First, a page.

Suicide Prevention Matters
Welcome to the holiday season – a time when we prepare to share joy and fellowship with those we love! As I contemplated what to write for this issue on industry trends, I could not help but think about the strides that CFMA has made over the past several years to reduce the number of construction industry lives lost to suicide.
With that thought in mind, I would like to share a revised version of what I wrote on CFMA's Connection Café on March 2, 2017, in hopes of ending this devastating industry trend.
Why Suicide Prevention Matters
First things first: I want to admit that I was "one of the ones." I was "one of the ones" who wondered how this new, scary, taboo subject of suicide prevention would fit within our Association's goal to be the source and resource to the construction industry. I was "one of the ones" who thought that suicide's impact, though profound on those directly impacted, touched too few of our members to be relevant. I was "one of the ones" who thought bringing this to the forefront had to be the responsibility of some other group; surely it could not fall to a group of accountants.
And I write this now to say that, at the end of the day, I was "one of the ones" who was so profoundly wrong that I find it incredibly humbling and somewhat shameful to admit. You see, I thought all of that until my experiences from December 2015 through February 2017 happened. I am no longer, and never again will be, "one of the ones."
On December 9, 2015, when I landed in Austin, TX for a CFMA Executive Committee meeting, like many parents, I took my phone off airplane mode as quickly as allowed to let my children know that I had landed safely. As I did that, I had received an urgent text from my oldest daughter.
"Mom – Please call me as soon as you can. One of my friends took his life last night. I just found out. I don't know what to do! Help!"
It took several minutes just to gather my thoughts and call my then 22-year-old daughter to try to help her. There are few words known to me to help explain: why and how a vibrant young man had reached such a level of despair that he had not cried out for help; that they, his friends, did not and would not ever get the chance to try and help; and how such vibrancy and compassion for others ended in his death by suicide.
Also in December 2015, one of my long-time friends from CFMA's Central Indiana Chapter was tragically impacted by suicide. I had the pleasure of serving alongside him on the chapter's Education Committee (which he led with absolute dedication for 14 years). He is in part responsible for where I am today in CFMA's leadership, as he was part of the group that first approached me about serving as a chapter officer. This hard-working, dedicated friend learned that his brother died by suicide. I paused again to try, pretty unsuccessfully, to process how his brother – a husband, a father of three children, and a controller for a large hotel chain – had died by suicide, and how to even try to help my friend in his time of loss.
Then on June 27, 2016, I attended an Executive Committee meeting at CFMA's Annual Conference & Exhibition in San Antonio, TX where I had the pleasure of hearing Cal Beyer and Sally Spencer- Thomas speak not just about all that they were accomplishing and the momentum building, but also how CFMA's involvement was helping to make it happen. Upon landing back in Indianapolis, I reached out to my local chapter peer whose brother died by suicide just six months prior to start the wheels of a Suicide Prevention Summit for Indianapolis.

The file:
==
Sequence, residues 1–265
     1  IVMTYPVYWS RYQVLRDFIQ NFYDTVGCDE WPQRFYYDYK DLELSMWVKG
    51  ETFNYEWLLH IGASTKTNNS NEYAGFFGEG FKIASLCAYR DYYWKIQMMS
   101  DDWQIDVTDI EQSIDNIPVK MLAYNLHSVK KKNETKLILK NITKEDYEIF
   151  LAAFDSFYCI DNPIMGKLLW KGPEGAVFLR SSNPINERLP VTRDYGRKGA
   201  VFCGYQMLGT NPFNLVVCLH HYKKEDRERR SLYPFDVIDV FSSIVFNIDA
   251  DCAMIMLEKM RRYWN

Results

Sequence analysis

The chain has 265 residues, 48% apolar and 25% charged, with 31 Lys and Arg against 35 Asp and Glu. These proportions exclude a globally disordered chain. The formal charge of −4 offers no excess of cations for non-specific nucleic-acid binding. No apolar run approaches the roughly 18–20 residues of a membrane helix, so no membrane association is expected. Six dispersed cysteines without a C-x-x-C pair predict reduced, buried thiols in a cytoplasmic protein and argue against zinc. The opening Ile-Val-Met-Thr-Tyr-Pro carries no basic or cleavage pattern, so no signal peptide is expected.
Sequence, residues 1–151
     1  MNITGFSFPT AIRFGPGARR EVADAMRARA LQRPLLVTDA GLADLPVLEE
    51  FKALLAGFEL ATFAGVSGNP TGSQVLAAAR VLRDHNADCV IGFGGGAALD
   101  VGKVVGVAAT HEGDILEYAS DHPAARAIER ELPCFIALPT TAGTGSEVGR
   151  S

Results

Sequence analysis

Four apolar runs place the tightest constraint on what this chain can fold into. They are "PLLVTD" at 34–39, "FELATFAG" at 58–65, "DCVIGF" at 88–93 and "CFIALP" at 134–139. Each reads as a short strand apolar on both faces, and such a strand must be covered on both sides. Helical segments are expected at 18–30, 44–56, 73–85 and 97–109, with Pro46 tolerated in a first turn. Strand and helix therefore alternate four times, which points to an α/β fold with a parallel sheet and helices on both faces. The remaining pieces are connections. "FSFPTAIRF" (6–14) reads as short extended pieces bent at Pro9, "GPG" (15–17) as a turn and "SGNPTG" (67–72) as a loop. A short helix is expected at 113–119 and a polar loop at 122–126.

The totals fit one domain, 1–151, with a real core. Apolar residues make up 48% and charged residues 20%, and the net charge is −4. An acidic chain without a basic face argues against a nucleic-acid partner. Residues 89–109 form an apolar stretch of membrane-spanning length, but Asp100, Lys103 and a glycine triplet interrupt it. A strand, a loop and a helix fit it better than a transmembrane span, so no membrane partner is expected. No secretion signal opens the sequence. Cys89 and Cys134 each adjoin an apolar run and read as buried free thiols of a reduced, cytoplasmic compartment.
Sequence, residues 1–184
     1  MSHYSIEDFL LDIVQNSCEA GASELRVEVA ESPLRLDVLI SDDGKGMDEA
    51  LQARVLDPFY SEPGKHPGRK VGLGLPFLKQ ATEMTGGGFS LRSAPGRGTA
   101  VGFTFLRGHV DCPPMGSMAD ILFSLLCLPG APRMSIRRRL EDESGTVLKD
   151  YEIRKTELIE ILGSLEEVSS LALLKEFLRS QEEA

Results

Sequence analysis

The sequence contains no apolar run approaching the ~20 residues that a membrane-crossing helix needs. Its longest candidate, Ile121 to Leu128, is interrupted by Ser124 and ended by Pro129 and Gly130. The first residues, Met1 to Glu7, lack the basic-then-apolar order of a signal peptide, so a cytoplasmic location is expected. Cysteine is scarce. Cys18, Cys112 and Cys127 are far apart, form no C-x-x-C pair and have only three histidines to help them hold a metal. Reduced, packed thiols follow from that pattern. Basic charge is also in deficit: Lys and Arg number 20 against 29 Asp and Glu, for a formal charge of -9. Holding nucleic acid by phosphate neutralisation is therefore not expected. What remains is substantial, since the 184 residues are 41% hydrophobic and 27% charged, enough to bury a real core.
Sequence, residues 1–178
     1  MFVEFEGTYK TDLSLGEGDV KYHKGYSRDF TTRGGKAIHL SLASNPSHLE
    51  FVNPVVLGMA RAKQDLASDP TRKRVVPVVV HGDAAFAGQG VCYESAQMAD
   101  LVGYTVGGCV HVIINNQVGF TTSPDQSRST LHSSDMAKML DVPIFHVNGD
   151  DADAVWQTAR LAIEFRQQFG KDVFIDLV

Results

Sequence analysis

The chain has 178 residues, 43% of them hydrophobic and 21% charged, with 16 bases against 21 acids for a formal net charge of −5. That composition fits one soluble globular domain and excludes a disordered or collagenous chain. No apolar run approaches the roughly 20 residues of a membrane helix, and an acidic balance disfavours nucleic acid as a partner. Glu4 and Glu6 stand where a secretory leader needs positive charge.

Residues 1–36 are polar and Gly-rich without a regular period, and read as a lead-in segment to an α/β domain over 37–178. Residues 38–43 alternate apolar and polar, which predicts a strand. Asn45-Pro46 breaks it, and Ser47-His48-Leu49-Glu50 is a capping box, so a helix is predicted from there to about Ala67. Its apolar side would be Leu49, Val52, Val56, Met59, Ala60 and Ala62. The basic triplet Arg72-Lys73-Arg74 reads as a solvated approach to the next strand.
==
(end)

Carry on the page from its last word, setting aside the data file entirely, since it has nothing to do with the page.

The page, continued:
In February 2017, I had the opportunity to and privilege of attending CFMA's Chicago Chapter's first Suicide Prevention Summit, and I was forever changed. I attended to see how they developed their program, get tips and advice, make additional connections to provide valuable assistance to our Indy planning team, and because it made sense to experience it for myself. I got all of that and an awakening.
When I listened to and watched Sally Spencer-Thomas present, I learned in vivid clarity that we lose far too many shining stars to death by suicide. I learned I was no longer happy to be rescuing downstream if I could have anything to do with helping upstream (thank you, Sally). I felt it would no longer be enough for North Mechanical's safety motto to just get our employees home safe every night; we needed to do all we could to have them safely back with us each morning (thank you, Cal). And I decided my casseroles would never again be just for my friends facing physical mountains; I would provide the same compassion for friends who were impacted by mental illness (thank you, David Sauerman).
Am I ashamed to admit I was "one of the ones"? Absolutely. But that person is no longer! Instead, I would love to see you at any of the local or regional CFMA suicide prevention summits or events – get informed, be prepared, and when called upon, let us do our part to make a difference.
I was wrong. Suicide prevention is absolutely in line with our Association's goal and it touches all of our members – some more profoundly than others. We can and should stand over 8,600 members strong in any way possible to stop this tragedy! And we, CFMA, "just" a group of accountants, are absolutely the group to bring this to the forefront!
CFMA has taken the pledge to stand up for suicide prevention alongside a growing number of construction industry organizations to protect our most valuable assets, our people. Through our combined efforts, we will take our industry far from being number one on the suicide-by-industry list. We will save lives. And we all will reap the benefits of continuing to see shining stars shine!